METHODS: We recruited patients ≥18 years with a systemic rheumatic disease who initiated an oral DMARD within the prior 6 months. Navigators conducted baseline needs assessments and 2-4 week follow-up calls to understand and address issues related to medication adherence. We analyzed patient-navigator encounters qualitatively using content analysis to identify key themes related to barriers to adherence and navigator actions performed in response to the barriers described. We also categorized intentional and unintentional nonadherent behavior and assessed satisfaction with the navigator experience (range 0-5, 5 = most satisfied).
RESULTS: 107 rheumatology patients were followed for up to 6 months. Mean patient age was 55 years (+17) and 93% were female; 36% described one or more episode of intentional or unintentional nonadherence. The three most common themes identified as barriers to adherence were fear of adverse events (raised by 54%), concerns about medication effectiveness (43%), and challenges with medication acquisition (32%). 86% of participants described at least one adherence-related barrier. Frequent navigator actions included facilitation of patient-doctor communication (38%), medication and diagnosis education (27%), and development of individualized strategies to improve adherence (16%). Patients were satisfied with the navigator experience (mean 4.4 + 0.9).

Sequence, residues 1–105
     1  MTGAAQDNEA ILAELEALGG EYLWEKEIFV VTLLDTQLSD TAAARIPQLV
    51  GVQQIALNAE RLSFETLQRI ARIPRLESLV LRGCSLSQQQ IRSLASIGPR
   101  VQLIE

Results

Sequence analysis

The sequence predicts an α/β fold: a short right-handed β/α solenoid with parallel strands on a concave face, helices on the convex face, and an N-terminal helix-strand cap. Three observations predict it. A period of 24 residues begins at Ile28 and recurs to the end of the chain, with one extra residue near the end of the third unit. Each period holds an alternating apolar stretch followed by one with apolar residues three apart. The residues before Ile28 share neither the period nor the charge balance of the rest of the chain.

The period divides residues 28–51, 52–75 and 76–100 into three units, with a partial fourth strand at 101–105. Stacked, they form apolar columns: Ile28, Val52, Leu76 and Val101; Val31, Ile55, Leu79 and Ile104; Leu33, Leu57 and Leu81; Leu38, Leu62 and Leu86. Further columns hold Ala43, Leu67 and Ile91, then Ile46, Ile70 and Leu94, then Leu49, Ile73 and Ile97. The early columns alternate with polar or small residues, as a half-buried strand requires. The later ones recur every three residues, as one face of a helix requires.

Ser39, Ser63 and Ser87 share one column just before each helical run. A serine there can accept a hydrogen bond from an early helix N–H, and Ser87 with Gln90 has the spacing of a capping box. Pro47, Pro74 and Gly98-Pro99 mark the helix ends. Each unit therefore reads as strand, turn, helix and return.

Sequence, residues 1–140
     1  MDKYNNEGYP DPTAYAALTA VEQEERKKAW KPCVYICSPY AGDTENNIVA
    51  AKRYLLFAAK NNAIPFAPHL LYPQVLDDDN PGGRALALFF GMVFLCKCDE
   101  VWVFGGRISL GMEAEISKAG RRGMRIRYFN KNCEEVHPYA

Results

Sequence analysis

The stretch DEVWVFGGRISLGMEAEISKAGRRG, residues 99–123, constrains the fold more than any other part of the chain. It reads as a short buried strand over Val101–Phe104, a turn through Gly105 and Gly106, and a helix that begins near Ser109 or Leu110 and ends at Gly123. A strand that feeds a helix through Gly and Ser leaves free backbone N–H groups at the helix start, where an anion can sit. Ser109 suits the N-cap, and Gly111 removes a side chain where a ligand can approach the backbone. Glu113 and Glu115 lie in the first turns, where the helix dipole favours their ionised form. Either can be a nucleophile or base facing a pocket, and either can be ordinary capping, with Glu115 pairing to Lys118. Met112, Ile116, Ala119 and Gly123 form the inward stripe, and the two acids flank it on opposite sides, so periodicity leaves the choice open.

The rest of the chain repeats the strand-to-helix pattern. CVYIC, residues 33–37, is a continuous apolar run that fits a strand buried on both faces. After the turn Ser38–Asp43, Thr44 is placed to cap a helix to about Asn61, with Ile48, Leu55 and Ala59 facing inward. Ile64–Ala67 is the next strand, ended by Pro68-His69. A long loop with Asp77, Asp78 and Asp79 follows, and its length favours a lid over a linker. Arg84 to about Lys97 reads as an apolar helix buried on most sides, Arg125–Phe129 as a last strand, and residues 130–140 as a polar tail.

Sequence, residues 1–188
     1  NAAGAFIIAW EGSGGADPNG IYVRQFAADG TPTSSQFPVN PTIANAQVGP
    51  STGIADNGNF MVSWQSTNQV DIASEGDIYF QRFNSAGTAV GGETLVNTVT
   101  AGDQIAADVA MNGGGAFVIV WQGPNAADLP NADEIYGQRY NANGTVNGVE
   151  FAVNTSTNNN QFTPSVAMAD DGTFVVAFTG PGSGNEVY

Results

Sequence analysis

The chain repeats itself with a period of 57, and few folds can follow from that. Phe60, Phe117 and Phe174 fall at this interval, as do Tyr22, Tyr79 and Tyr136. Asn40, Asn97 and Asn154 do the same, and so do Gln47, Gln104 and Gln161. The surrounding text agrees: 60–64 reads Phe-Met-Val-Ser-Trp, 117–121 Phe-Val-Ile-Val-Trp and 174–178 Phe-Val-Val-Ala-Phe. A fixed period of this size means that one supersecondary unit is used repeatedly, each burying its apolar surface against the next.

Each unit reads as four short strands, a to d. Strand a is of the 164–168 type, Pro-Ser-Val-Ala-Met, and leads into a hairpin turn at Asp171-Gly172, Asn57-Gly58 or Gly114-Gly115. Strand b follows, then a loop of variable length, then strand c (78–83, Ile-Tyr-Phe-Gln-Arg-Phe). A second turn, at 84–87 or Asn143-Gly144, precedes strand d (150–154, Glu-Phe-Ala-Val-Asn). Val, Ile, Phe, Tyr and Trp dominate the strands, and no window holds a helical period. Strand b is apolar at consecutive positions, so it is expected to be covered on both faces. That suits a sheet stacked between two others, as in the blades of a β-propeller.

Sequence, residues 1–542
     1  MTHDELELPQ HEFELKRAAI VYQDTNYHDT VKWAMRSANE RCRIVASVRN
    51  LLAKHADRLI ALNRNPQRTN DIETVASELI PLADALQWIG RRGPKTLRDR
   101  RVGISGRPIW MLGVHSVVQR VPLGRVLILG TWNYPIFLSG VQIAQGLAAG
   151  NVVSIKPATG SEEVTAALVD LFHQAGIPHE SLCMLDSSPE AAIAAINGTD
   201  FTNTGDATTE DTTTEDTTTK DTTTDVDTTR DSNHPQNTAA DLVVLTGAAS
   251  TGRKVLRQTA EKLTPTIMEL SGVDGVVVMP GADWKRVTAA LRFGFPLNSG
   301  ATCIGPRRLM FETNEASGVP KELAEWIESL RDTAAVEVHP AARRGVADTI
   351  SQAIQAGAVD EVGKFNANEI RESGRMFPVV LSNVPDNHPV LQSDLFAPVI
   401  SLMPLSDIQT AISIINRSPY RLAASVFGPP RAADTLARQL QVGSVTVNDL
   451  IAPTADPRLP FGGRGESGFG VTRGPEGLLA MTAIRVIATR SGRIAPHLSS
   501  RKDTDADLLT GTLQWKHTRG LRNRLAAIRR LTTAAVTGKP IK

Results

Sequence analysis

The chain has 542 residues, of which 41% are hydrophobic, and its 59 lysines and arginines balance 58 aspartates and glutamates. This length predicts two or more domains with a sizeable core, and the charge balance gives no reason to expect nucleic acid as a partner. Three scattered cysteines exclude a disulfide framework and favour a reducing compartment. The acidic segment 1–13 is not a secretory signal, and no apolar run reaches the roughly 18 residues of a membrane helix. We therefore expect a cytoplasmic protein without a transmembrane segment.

CONCLUSION: Navigators uncovered and addressed a number of medication adherence-related concerns and patients were satisfied with the services provided.
BACKGROUND: Medication nonadherence is a major public health problem. Identification of patients who are likely to be and not be adherent can guide targeted interventions and improve the design of comparative-effectiveness studies.
OBJECTIVE: To evaluate multiple measures of patient previous medication adherence in light of predicting future statin adherence in a large U.S. administrative claims database.